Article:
Come on, Christmas. I'm ready. The house is clean (kinda). The gifts are wrapped (well, halfway). The menu is done (the cooking is not). The tree is decorated (only took a week to get around to it).
Yes. I'm ready.
Dozer seems more ready than me. He is deeply disturbed by the presence of the tree. It's a bit larger than usual, true, and it does loom ominously as a result. Bigger is not always better. Next year I'm going to pick something a tad more suitable. (But it didn't look nearly as large on the lot, I swear!)
Dozer also participates in the bizarre gift-wrapping ritual that my husband and I go through every year. I say it's bizarre because we always pile the unwrapped gifts under the tree, then wrap them at the last minute. Because we have family members at our house constantly, the unwrapped gifts are a source of stress--what if Mom comes over and sees her amazing gift sitting there? The surprise is ruined! Quick, throw a sheet over it in a way that doesn't look totally suspicious. I don't know why we don't wrap as we buy. It would make life a lot less ridiculous.
Anyway, that's beside the point. Dozer, for some weird reason, likes to "help" with the gift-wrapping, which takes place on our living room floor. I bring down the paper, scissors, and tape from my office, settle onto the floor, and almost immediately find myself the target of a huge, excited white dog. He sits on me. He puts his head on my leg. His lips caress each gift--each mysterious box, each paper or plastic bag, each price tag I yank off. I pick up the scissors, and Dozer shoves his wet nose between the blades--sniff sniff sniff. I have to reach over his bulk to spread out the wrapping paper.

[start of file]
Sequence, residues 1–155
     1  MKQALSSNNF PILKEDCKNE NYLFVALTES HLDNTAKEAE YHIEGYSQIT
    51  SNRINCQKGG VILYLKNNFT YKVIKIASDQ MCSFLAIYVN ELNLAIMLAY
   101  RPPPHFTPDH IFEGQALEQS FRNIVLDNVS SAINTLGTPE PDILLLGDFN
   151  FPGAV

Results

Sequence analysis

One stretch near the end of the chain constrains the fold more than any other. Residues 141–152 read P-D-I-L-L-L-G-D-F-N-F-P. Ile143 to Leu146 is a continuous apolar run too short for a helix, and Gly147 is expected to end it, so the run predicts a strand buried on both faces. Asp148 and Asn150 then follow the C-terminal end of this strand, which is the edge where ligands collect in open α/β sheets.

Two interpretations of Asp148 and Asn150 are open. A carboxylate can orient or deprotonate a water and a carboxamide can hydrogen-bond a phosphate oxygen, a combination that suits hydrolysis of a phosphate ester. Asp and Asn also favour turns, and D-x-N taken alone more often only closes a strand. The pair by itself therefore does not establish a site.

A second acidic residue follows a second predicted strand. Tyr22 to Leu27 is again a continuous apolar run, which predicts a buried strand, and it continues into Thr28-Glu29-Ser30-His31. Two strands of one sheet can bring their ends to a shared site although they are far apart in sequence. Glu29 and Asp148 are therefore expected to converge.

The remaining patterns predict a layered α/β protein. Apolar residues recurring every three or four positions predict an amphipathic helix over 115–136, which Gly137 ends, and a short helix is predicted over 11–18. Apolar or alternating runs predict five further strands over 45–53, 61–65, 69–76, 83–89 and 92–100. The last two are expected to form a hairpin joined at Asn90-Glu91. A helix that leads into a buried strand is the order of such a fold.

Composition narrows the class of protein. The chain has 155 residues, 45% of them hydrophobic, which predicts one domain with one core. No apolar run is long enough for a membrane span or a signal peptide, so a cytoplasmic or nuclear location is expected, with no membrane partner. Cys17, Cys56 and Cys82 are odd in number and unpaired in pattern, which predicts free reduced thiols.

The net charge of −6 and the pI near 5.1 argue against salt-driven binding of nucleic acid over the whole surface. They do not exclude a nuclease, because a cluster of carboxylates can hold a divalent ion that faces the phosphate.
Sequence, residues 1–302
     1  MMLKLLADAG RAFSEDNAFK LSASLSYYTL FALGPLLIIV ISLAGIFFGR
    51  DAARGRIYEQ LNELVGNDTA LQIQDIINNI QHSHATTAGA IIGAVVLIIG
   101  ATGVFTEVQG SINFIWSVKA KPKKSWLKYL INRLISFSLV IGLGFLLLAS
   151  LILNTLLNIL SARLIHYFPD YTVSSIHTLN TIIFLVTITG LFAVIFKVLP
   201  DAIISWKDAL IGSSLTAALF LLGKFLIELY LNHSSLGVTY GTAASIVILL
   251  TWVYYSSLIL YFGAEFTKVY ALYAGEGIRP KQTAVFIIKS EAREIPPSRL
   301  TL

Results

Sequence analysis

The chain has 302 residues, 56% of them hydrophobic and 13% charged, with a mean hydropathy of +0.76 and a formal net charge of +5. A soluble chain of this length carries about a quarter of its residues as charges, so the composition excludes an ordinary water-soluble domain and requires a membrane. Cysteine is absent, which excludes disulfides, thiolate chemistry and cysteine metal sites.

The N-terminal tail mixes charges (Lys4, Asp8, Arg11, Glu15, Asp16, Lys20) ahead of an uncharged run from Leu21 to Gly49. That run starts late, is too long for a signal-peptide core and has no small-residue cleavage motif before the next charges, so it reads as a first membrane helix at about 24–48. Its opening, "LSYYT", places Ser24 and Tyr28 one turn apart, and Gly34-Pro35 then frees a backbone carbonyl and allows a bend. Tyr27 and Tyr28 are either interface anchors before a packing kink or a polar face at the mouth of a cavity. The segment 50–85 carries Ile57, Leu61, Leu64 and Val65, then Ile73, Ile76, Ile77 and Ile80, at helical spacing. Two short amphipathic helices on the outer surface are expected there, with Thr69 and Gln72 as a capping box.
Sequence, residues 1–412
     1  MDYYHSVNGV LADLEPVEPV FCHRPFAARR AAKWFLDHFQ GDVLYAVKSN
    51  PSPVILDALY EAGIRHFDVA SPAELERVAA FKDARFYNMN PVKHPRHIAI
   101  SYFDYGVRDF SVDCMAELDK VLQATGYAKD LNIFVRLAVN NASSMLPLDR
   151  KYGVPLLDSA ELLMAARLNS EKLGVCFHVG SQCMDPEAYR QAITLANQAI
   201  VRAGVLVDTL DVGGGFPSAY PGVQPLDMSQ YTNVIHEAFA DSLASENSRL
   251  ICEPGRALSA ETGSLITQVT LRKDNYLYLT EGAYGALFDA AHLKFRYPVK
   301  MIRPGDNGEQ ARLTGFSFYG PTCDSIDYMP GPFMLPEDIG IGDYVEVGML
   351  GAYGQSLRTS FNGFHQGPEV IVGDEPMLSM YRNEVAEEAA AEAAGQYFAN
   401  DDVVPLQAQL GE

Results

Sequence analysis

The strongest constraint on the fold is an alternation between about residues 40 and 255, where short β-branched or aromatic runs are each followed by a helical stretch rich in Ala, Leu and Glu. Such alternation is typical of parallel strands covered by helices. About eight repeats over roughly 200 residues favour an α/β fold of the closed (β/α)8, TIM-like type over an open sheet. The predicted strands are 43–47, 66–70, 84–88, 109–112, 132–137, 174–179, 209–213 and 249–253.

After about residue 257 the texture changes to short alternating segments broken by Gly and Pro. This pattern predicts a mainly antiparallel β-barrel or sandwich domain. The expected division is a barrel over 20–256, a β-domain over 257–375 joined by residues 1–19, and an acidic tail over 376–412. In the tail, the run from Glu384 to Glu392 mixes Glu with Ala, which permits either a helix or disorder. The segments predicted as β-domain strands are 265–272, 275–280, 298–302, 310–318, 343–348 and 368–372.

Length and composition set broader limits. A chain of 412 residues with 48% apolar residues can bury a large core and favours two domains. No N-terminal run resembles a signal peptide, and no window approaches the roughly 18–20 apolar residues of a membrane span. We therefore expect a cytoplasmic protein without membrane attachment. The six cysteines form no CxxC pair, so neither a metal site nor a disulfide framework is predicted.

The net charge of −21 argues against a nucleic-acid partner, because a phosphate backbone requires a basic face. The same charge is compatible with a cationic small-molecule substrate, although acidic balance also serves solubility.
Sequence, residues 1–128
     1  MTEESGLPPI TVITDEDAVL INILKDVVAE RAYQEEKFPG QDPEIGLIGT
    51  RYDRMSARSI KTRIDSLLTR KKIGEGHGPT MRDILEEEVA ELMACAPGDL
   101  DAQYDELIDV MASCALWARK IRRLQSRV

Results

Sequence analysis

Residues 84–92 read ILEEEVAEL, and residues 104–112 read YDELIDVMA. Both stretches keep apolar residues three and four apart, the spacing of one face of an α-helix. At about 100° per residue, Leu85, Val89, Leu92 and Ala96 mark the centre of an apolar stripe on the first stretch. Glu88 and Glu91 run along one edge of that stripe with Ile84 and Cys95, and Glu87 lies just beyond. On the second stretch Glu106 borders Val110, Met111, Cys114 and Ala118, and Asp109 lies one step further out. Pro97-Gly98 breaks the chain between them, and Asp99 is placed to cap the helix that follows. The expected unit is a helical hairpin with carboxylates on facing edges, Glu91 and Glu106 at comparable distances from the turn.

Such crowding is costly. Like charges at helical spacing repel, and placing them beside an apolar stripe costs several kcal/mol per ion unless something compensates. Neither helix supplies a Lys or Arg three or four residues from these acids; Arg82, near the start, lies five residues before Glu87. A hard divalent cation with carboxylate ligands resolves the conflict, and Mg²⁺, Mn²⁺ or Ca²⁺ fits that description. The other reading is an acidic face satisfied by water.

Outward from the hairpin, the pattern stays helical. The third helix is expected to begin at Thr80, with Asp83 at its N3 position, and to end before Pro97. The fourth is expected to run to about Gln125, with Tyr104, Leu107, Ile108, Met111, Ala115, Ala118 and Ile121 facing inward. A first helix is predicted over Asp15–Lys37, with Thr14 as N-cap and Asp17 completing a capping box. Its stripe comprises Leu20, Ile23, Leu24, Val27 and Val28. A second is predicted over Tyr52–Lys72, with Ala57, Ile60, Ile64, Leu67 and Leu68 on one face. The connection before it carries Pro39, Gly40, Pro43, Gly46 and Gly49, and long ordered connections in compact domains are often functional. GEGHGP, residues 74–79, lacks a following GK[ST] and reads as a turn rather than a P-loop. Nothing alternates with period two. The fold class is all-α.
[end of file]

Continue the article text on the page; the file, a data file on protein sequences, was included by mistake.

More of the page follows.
What on earth is this dog's problem? He's always directly between me and the gift. And if I dare to look at him or talk to him ("Dozer, move your fat head"), he starts licking my face uncontrollably.
I suppose he thinks some or all of these gifts are for him. Or perhaps it's my mistake for letting him "help" by tearing apart some of the unnecessary cardboard boxes. It actually was helpful (we must flatten for recycling), but now I have to rein in his new desire to rip apart ALL the boxes and packages.
To Dozer's credit, he has been very good about it all. This is his first year being left unsupervised and uncrated around the Christmas decorations and gifts. I expected at least one chewed candy cane or one torn gift, but the only thing he's done so far is discover his own Christmas gift. That was my mistake, as I left it on the floor in a Petco bag. Amazingly, he pulled his gift out of the bag but did not touch the cat toys or the dog toys that I had bought for friend and family pets. I guess we really know Dozer well, since he self-selected the gift intended for him.
Unfortunately, I hadn't taken the packaging off the toy yet. Fortunately, Dozer apparently realized it was not in a condition to be played with; he abandoned it on the dining room floor and we found it easily when we got home--it was still in perfect condition. Byrd stuck it in Dozer's stocking.
Oh yes. The stocking. It's a little depressing: it says "DOGS." Depressing for me, I guess. Dozer could care less. There's no way he remembers Fel after all this time.